Ladybug Lost

Guest Essay by Kip Hansen – 28 September 2020

[ Just a note about a curious thing to lighten your day. ]

This is the time of year that ladybugs start to look for places to spend the winter.  They don’t migrate like songbirds, but hibernate, more like bears or turtles.  Many of us find ladybugs  inside our homes once the weather starts to get cold, or,  even more often, in the spring  when the ladybugs that have been sleeping inside our home’s  walls all winter come out on the inside of the house instead of the outside!

Ladybugs are Good Bugs!

In your flower or vegetable garden, ladybugs are beneficial – both the adult (ladybug) and the larvae eat aphids, mealybugs and spider mites, all of which cause damage to your plants.  Ladybugs are so helpful that they are sold as natural “pesticides”, shipped to your home for release in your garden.

The most commonly commercially sold ladybug is the Asian Ladybug – often with thirteen spots, although there are many forms – which has become the predominate species found in the United States.  It seems that Asian ladybug larvae eat not only aphids, mealybugs and spider mites, but the larvae of other ladybug species as well!  This has possibly contributed to the decline in populations of other ladybugs in the United States. 

The Lost Ladybug

The Official State Insect of New York State is its native Nine-Spotted Ladybug.

Only one small problem, for almost 30 years, the nine-spotted ladybug hadn’t been spotted in New York State.  So, in 2000, Cornell University started  The Lost Ladybug Project.  In 2011, on an organic farm in Amagansett, NY,  Peter Priolo, a volunteer the Lost Ladybug Project, found a single nine-spotted  ladybug on July 30 in a patch of sunflowers during a group search he had organized.

 The NY Times reported:

As of 2006, only five nine-spotted ladybugs had been found in North America in the previous 10 years, none of them in the East. Then one lone ladybug was found in Arlington, Va. None had been found in the East since, and only 90 have been reported in North America.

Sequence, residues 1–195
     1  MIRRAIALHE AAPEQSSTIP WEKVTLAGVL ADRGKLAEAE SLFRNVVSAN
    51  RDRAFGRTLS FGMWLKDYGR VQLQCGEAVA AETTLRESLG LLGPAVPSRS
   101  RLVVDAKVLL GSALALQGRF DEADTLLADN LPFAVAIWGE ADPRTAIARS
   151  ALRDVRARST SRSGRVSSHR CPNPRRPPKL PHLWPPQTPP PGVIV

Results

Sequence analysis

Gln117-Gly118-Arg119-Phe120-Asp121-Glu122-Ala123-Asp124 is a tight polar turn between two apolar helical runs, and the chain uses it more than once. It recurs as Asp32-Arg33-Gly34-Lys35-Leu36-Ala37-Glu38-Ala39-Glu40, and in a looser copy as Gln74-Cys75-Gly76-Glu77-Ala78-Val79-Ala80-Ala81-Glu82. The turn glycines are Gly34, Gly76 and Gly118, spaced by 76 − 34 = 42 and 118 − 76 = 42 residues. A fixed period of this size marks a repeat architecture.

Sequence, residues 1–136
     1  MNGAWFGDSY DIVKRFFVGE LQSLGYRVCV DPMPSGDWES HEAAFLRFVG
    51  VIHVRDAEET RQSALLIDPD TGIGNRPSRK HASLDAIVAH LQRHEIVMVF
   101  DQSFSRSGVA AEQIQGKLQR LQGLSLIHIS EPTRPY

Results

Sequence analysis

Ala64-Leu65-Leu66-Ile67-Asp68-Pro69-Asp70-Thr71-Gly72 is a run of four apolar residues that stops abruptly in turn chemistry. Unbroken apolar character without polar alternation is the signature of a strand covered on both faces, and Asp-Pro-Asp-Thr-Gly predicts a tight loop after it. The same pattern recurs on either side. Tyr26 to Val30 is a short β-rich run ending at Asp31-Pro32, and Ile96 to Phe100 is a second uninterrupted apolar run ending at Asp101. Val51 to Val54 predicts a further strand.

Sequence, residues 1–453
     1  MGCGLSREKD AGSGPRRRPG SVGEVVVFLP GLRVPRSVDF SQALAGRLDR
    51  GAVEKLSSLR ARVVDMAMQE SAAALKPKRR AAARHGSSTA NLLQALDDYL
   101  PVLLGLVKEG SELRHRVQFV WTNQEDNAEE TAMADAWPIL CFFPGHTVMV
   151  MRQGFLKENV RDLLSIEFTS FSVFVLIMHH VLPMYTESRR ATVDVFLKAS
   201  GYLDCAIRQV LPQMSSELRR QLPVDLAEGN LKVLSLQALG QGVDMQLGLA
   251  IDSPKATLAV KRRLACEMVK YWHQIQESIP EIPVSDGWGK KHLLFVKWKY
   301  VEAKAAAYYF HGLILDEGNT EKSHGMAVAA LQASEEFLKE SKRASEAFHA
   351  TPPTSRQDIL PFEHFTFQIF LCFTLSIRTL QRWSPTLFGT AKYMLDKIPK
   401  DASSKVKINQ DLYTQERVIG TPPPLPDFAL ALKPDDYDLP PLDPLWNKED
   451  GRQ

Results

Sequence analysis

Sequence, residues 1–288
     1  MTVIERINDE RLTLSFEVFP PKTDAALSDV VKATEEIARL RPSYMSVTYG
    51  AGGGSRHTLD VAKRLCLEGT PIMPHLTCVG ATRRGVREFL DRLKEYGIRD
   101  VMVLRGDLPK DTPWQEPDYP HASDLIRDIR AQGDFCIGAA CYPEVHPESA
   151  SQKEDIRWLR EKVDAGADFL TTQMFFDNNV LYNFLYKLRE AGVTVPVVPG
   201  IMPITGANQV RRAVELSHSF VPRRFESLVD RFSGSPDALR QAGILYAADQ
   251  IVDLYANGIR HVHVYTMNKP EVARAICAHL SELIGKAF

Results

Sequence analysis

Researchers from Cornell University subsequently collected enough nine-spotted ladybugs from the new found colony to enable them to start a captive breeding project.   Here a video from Cornell about it, just under 5 minutes long.

In the video, we hear that it is the seven-spotted ladybug, which came over from Europe,  is displacing the nine-spotted ladybug in New York State.

On each wing cover, we see three-and-a-half spots – making seven.  Our Lost Ladybug has four-and-a-half spots on each wind cover, making nine.  This means, as far as spots go, that the Lost Ladybug Project is about those two missing spots.     

Ecologically, of course, it is much more complicated and nuanced.  Not all ladybug species behave in exactly the same manner, don’t eat exactly the same prey and may not fill the exact same niches in either their original or current environments. 

For better or for worse, The Lost Ladybug Project is breeding and releasing colonies of nine-spotted ladybugs  through Cornell County Extension agent offices.   

A handy ladybug identification poster is available from the Lost Ladybug Project here [ pdf ].

Those interested, especially those being forced to homeschool kids through the fall and winter, might want to visit The Lost Ladybug Project website.   Citizen Scientists of all ages can find, photograph and report sightings on their web site.  Any child that can count to ten will be able to participate.  Even I can do it. 

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Author’s Comment:

All of my children were homeschooled at one time or another, all for varying reasons.  We considered this kind of an opportunity a windfall.   

Of course, during my “homesteading days” we raised a huge garden, mostly organic from necessity, and my kids were great at finding and identifying the various insects, both good and bad – they also ate most of the vegetables right in the garden.  My wife and I had to pick anything we hoped to get into the house. 

Glad to hear from you on insects and gardening issues.

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September 27, 2020 7:39 pm

Interesting post, Kip. My children (11 and 13), will be all over the search for nine-spotted ladybugs after reading your article. I guess we still have time before hibernation…